B2B companies usually want to be safe with designs. They need their products and legacy applications to be reliable, which means they need to audit every element of your designs carefully. Unfortunately, it’s also a significant UX limitation for B2B organizations as it often leads to designs that stifle creativity. Such designs may hamper your overall UX and limit engagement rates.

How to overcome this?

This kind of problem usually arises from communication barriers between teams. Therefore businesses must create a process that allows for seamless communication and the ability to iterate quickly. However, if you’re designing a finite platform, you will need a longer time frame to get feedback from actual users.

5. Lack of clarity in requirements

You might think that following the end goals for your UX design will help move the project along. But many times, that is not the case. Sometimes vague requirements can harm the user experience and limit its ability to shape into a great design.

Your designs will suffer if your designers face too many restraints. And for B2B, design is not simply about how an interface appears but also about its functionality and purpose.

How to overcome this?

Define specific goals and well-defined targets in terms of what you want from the overhaul. Sort the information out and use it to build an early prototype. Provide your designers with all the information they need to get started quickly. Provide enough information so they have a clear direction to navigate through without losing the project’s momentum.

6. Complex buying processes and long B2B software lifespans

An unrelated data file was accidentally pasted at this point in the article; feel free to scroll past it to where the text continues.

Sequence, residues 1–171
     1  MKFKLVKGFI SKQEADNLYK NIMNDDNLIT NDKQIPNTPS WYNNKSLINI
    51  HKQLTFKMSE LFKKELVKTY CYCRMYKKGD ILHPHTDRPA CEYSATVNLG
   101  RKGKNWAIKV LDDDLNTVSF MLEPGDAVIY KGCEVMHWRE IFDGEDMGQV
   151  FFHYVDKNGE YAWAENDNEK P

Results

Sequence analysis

B2B buying decisions are often complex, long-term oriented, and involve multiple stakeholders. These bring forward several challenges:

  • Longer life cycles mean UX designers need to focus on the long term. As a result, the visual design could be timeless and durable without following trends that will eventually become outdated. It can be challenging to keep the design clean and timeless.
  • Many times, the end user is not involved in the buying decisions. So the buying decisions are made on multiple criteria that may or may not involve great UX.

How to overcome this?

If you’re buying new software, involve the end-users in the buying process or take their opinions at the least. There might be clashes when it comes to decision-making. For instance, the investor might want a cost-effective solution, whereas users would prefer something easy to use. In such a scenario, you can take the middle ground and pick a cost-effective system that’s easy to use.

If you’re refurbishing your legacy systems, start by understanding the user’s pain points. Think about the loopholes in your existing systems and try to frame the strategies for UX overhaul around them.

Final Thoughts

The user’s reliance on technology is stronger than before. Focusing on UX hence becomes crucial for the B2B industry, especially in the post-pandemic era. Enterprise tech and B2B companies need to understand that it is not just about using technology at a basic level. It is rather about understanding how unique each user’s needs can be and trying to cater to all these needs.

About the Author
Sanjoli Jain works at Koru UX Design, the leading UX design and consulting agency. Countless of businesses in the US and India trust Koru UX Design to resolve some of their biggest design challenges.